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On the road, off the phone

A woman on a cell phone while driving

Driving while talking or texting on a cell phone can be a divisive topic. It's not safe, yet people still do it. Restrictions vary, so anyone driving across state lines better have an excellent memory or err completely on the side of caution to abide all of the laws.

I'll be honest, the closest I've ever come to getting into an accident with another vehicle happened while I was talking on my cell phone. That was enough for me to realize that the only time I should be holding a phone and talking in a car is when I am a passenger. My car is now equipped with a hands-free system that pipes my phone through my stereo and allows me to answer or place a call by pushing a single button on the wheel. I have used this system while driving, but not regularly because it's still a distraction.

If you look at the definition provided by, distracted driving involves any of the three main types of distraction:

  • Visual – taking your eyes off the road
  • Manual – taking your hands off the wheel
  • Cognitive – taking your mind off your driving

This means plenty of things are distractions while driving: talking with passengers, eating, using a map, changing the radio, etc. We've all seen people doing this while driving and we've probably done them ourselves. Let's consider the distracted driving statistics:

  • According the National Highway Traffic Safety Administration, 20% of injury crashes in 2009 involved distracted driving and 18% of distracted driving fatalities involved cell phones.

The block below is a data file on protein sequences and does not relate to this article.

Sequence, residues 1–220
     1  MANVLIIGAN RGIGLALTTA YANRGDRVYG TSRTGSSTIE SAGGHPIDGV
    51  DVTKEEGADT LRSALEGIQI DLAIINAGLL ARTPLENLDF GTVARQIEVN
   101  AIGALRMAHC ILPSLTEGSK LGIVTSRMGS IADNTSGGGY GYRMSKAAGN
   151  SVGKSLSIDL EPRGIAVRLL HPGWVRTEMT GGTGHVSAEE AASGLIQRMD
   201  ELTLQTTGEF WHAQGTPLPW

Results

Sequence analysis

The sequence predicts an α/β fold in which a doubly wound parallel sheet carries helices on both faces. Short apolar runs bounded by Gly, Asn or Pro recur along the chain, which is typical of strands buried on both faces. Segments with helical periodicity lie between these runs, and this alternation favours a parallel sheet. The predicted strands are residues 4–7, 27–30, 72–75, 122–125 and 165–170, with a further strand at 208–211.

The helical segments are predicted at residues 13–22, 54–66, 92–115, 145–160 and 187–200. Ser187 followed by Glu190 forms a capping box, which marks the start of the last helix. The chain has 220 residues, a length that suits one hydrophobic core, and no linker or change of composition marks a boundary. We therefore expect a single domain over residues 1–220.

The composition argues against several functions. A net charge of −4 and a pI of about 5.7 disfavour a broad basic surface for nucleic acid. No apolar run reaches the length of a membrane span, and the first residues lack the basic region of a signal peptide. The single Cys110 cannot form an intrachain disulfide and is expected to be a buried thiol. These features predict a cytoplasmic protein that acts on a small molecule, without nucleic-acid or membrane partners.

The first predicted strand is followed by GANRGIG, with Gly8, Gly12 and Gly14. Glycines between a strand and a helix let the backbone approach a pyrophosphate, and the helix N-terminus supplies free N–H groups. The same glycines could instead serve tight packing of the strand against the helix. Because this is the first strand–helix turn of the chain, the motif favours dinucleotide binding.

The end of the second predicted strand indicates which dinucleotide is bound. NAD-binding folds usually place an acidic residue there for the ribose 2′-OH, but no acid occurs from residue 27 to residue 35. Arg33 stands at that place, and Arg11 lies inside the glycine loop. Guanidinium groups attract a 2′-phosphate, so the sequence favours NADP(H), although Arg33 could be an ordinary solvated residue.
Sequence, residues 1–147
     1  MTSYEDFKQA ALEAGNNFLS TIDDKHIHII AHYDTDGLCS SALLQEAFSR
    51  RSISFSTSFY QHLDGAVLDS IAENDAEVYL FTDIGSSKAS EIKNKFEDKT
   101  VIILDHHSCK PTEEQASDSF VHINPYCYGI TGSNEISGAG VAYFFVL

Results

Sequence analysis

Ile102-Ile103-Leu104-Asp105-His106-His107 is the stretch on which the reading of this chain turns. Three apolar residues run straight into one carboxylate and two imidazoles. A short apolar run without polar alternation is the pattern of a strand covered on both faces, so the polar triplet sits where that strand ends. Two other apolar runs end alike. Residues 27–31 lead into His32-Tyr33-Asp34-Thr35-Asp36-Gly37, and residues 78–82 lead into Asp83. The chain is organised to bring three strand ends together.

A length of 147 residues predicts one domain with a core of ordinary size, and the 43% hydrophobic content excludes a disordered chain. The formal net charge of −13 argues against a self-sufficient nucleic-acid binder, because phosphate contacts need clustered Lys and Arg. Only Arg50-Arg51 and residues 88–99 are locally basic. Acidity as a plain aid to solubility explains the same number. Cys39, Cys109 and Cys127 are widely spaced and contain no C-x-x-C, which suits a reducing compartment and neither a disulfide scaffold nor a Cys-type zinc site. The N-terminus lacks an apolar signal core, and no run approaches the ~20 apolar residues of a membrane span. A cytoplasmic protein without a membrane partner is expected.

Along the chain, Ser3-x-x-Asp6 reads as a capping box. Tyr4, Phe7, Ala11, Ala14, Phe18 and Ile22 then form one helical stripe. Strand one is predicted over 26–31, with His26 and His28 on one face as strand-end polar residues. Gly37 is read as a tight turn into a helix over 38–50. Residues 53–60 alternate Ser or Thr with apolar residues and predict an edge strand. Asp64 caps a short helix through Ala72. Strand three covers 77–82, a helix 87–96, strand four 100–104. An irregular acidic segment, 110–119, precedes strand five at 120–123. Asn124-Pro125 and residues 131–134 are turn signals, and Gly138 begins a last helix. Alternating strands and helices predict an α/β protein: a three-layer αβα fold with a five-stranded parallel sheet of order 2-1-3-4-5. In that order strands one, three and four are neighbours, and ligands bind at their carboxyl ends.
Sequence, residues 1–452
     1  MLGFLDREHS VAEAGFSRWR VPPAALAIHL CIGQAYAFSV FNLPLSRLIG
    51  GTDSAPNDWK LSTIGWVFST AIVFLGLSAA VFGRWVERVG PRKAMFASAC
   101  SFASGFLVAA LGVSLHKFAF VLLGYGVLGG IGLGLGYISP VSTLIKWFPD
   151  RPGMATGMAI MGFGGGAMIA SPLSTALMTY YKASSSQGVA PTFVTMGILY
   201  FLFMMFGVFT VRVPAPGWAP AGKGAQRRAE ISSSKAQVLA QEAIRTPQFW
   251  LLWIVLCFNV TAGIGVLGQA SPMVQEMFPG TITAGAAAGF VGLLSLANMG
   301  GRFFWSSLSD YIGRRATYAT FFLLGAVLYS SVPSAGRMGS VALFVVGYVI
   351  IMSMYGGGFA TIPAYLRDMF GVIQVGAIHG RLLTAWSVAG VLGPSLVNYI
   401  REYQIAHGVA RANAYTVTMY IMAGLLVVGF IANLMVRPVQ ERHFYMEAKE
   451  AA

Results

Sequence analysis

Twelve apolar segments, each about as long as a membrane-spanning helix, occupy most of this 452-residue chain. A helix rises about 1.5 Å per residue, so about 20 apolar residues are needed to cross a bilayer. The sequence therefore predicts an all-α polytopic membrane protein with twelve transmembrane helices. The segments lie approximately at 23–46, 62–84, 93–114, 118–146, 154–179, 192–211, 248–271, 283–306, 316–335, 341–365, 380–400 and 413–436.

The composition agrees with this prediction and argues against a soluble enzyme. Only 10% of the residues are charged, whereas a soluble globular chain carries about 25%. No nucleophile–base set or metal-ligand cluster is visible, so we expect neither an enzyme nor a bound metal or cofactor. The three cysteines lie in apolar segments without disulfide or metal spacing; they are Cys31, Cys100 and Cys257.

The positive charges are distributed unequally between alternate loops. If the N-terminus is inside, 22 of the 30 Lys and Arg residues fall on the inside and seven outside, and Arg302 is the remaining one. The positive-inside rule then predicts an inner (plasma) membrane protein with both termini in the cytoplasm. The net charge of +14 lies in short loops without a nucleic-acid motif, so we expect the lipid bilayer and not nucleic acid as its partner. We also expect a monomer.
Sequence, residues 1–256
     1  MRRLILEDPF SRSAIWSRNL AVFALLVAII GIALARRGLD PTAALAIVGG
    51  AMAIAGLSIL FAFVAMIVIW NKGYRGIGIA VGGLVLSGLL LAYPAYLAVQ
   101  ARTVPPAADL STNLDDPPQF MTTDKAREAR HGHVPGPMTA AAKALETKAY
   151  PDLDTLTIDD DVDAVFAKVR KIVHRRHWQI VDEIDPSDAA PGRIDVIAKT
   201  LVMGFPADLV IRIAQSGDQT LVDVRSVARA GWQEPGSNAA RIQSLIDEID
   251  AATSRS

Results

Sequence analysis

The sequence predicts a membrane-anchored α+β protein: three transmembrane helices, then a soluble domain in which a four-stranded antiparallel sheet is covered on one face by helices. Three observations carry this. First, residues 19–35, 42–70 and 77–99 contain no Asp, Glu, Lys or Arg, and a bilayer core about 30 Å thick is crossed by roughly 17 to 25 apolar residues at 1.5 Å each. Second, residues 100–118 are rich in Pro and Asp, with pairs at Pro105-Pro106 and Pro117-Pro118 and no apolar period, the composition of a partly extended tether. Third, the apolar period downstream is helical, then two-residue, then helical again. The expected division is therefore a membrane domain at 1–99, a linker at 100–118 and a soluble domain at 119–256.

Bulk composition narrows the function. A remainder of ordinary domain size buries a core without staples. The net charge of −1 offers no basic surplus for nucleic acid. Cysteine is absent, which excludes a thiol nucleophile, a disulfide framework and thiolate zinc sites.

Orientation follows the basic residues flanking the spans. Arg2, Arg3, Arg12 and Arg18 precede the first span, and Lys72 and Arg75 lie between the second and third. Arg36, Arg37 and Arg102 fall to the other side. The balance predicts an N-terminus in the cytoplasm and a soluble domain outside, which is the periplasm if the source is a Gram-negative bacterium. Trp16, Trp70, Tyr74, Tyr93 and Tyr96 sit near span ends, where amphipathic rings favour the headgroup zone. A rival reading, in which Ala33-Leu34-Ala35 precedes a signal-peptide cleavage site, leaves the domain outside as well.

• According to the Insurance Institute for Highway Safety, a driver using a hand-held device is four times as likely to get into a crash causing injury to him or herself.
  • According to a University of Utah study, using a cell phone while driving, either hand-held or hands-free, delays a driver's reactions as much as having a blood alcohol content of .08 percent.

That last statistic is most alarming. I would never drive drunk or buzzed and I won't let my friends drive drunk or buzzed. But if I or they are talking on a cell phone, the impairment is similar. That train of thought should be enough to make anyone think twice before picking up a phone while behind the wheel, so we can all get to our destinations safe and sound. And that's what we want for you, because your safety is important to us. Please hang up and focus on the road.

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